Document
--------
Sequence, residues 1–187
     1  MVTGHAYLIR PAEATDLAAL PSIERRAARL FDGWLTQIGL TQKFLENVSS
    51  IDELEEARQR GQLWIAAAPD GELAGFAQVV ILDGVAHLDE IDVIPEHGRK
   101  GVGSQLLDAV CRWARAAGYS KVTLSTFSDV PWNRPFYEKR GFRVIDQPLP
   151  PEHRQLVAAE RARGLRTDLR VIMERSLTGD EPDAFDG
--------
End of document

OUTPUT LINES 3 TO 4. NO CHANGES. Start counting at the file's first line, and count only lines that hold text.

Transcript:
    51  IDELEEARQR GQLWIAAAPD GELAGFAQVV ILDGVAHLDE IDVIPEHGRK
   101  GVGSQLLDAV CRWARAAGYS KVTLSTFSDV PWNRPFYEKR GFRVIDQPLP